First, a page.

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New York Gov. Kathy Hochul signs controversial legislation to create slavery reparations commission

Gov. Hochul signs legislation to create slavery reparations commission
Gov. Hochul signs legislation to create slavery reparations commission 02:21

NEW YORK -- New York Gov. Kathy Hochul signed historic racial justice legislation on Tuesday, creating a committee to consider reparations for slavery.

The new law authorizes the creation of a community commission that will study the history of slavery in New York state and what reparations could look like.

"You can see the unreckoned-with impacts of slavery in things such as Black poverty, Black maternal mortality," said Nicole Carty, executive director of the group Get Free.

Activists like Carty said the new law was a long time coming. She helped advocate for the bill, which was sponsored by Assemblywoman Michaelle Solages, after the racially motivated Buffalo mass shooting.

"We saw that monster come into the community and kill 12 Black New Yorkers," Solages said.

READ MORENew York lawmakers OK bill to consider reparations for slavery: "Historic"

The signing took place at the New York Historical Society on the Upper West Side, just down the hall from the Frederick Douglass exhibit.

Slavery was abolished in New York in 1827 and officially across the us in 1863, but it was followed by racial segregation practices like Jim Crow and redlining -- denying loans to people based on race and neighborhoods, impacting generations.

"I'm from Long Island. There is the first suburb of Levittown, one of the greatest housing programs that we could have in this country and Black New Yorkers were excluded from that," Solages said.

"Look at today, where we still see Blacks making 70 cents to every dollar whites make," the Rev. Al Sharpton said.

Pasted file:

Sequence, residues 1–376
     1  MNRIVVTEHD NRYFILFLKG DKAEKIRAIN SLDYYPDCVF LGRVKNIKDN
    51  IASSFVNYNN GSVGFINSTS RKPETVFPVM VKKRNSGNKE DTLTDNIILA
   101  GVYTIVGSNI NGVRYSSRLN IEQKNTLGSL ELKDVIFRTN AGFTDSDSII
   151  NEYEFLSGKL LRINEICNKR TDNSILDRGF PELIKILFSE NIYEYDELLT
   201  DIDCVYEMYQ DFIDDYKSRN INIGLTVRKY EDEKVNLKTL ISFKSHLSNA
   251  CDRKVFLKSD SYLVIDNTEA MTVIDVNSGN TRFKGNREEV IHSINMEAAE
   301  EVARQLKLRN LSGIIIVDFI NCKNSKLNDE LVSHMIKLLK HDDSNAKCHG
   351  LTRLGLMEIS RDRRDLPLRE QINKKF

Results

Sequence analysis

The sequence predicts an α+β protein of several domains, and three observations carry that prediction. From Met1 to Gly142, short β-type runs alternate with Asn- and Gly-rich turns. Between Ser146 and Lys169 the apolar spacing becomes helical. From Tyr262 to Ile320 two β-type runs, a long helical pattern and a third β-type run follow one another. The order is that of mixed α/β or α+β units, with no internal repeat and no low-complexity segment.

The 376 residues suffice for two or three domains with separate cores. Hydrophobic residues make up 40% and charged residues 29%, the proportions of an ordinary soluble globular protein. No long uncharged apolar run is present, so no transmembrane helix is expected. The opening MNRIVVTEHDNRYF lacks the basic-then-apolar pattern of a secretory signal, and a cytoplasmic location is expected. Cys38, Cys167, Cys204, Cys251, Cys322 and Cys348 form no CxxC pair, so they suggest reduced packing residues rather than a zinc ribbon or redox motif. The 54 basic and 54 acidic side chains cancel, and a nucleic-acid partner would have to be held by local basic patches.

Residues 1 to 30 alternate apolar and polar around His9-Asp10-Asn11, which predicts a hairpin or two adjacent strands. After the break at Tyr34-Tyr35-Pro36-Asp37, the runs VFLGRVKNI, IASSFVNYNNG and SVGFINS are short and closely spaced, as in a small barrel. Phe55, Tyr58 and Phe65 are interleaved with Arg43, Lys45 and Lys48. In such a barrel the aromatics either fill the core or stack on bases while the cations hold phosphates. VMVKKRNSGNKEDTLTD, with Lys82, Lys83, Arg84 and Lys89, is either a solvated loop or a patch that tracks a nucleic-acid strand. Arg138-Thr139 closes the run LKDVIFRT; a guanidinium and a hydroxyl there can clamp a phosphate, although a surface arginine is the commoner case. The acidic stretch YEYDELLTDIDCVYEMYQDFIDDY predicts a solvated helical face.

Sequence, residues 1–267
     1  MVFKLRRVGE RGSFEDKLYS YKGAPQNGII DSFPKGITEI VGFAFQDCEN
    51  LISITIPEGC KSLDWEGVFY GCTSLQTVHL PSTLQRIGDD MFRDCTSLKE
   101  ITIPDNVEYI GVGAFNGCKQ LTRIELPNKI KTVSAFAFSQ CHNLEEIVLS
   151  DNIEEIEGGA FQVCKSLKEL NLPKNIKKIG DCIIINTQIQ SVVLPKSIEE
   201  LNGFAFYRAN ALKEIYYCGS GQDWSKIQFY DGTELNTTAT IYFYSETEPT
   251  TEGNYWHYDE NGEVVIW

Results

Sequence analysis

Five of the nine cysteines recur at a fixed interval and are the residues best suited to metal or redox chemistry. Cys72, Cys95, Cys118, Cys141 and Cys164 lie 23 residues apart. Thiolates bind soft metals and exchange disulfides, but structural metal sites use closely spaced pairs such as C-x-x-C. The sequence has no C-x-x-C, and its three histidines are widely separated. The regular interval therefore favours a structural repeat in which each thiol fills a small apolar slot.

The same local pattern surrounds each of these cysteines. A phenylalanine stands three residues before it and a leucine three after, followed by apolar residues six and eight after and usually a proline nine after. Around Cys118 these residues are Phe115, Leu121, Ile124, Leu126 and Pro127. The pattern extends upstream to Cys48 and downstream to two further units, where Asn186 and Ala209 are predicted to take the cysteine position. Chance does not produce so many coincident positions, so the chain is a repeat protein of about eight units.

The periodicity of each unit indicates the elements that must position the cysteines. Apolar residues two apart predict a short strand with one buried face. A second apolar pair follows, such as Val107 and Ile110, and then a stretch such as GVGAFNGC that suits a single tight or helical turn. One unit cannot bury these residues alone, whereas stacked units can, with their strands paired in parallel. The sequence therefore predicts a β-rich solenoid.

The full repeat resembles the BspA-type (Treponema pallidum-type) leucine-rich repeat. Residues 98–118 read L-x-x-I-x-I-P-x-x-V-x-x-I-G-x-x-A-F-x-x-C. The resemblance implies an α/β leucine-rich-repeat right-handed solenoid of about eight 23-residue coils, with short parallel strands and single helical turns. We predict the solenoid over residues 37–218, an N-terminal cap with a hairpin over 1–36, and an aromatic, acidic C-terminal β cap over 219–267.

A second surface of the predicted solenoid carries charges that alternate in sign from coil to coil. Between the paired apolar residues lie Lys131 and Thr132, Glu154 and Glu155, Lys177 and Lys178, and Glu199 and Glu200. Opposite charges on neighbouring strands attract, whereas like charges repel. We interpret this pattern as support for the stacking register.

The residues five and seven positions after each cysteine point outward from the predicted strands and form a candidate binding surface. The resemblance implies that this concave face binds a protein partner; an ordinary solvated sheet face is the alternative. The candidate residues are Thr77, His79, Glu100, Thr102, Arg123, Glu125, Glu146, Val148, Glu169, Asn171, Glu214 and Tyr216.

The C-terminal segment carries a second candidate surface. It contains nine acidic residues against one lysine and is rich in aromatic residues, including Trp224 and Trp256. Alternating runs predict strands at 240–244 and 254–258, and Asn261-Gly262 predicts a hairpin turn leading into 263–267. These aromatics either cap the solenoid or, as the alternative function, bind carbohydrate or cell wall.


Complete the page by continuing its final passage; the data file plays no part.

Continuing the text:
Leaders like Sharpton say the commission comes at a challenging time in America.

A 2021 Pew Research survey showed 77% of Black Americans support reparations, compared with only 18% of white Americans.

Advocates say prior to the Revolutionary War there were more enslaved Africans in New York City than in other city, except for Charleston, South Carolina. The population of enslaved Africans accounted for 20% of New York's population.

"Let's be clear about what reparations means. It doesn't mean fixing the past, undoing what happened. We can't do that. No one can. But it does mean more than giving people a simple apology 150 years later. This bill makes it possible to have a conversation, a reasoned debate about what we want the future to look like. And I can think of nothing more democratic than that," Hochul said.

"We do have a governor who is honest enough to say out loud that this is hard, honest enough to say she knows there will be pushback," state Senate Majority Leader Andrea Stewart-Cousins said.

The committee will be made up of nine members who will be appointed over the next six months. They'll have a year to draft the report before presenting it to the public.

"Our generation desires leaders who are willing to confront our true history," student advocate J.J. Brisco said.

The next generation is hopeful this groundbreaking moment will shed some light on a dark past.

New York is the second state in the country to study reparations after California.

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